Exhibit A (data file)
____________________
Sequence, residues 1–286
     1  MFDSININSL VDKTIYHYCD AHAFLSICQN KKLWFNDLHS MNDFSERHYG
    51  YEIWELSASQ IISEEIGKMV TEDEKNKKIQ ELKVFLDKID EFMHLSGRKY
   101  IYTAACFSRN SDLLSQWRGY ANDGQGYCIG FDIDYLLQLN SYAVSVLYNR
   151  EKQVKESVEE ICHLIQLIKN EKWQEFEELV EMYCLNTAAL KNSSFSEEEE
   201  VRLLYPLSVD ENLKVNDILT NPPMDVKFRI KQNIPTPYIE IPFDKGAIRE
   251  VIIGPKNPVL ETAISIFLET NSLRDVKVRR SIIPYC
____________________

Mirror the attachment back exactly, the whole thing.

Sequence, residues 1–286
     1  MFDSININSL VDKTIYHYCD AHAFLSICQN KKLWFNDLHS MNDFSERHYG
    51  YEIWELSASQ IISEEIGKMV TEDEKNKKIQ ELKVFLDKID EFMHLSGRKY
   101  IYTAACFSRN SDLLSQWRGY ANDGQGYCIG FDIDYLLQLN SYAVSVLYNR
   151  EKQVKESVEE ICHLIQLIKN EKWQEFEELV EMYCLNTAAL KNSSFSEEEE
   201  VRLLYPLSVD ENLKVNDILT NPPMDVKFRI KQNIPTPYIE IPFDKGAIRE
   251  VIIGPKNPVL ETAISIFLET NSLRDVKVRR SIIPYC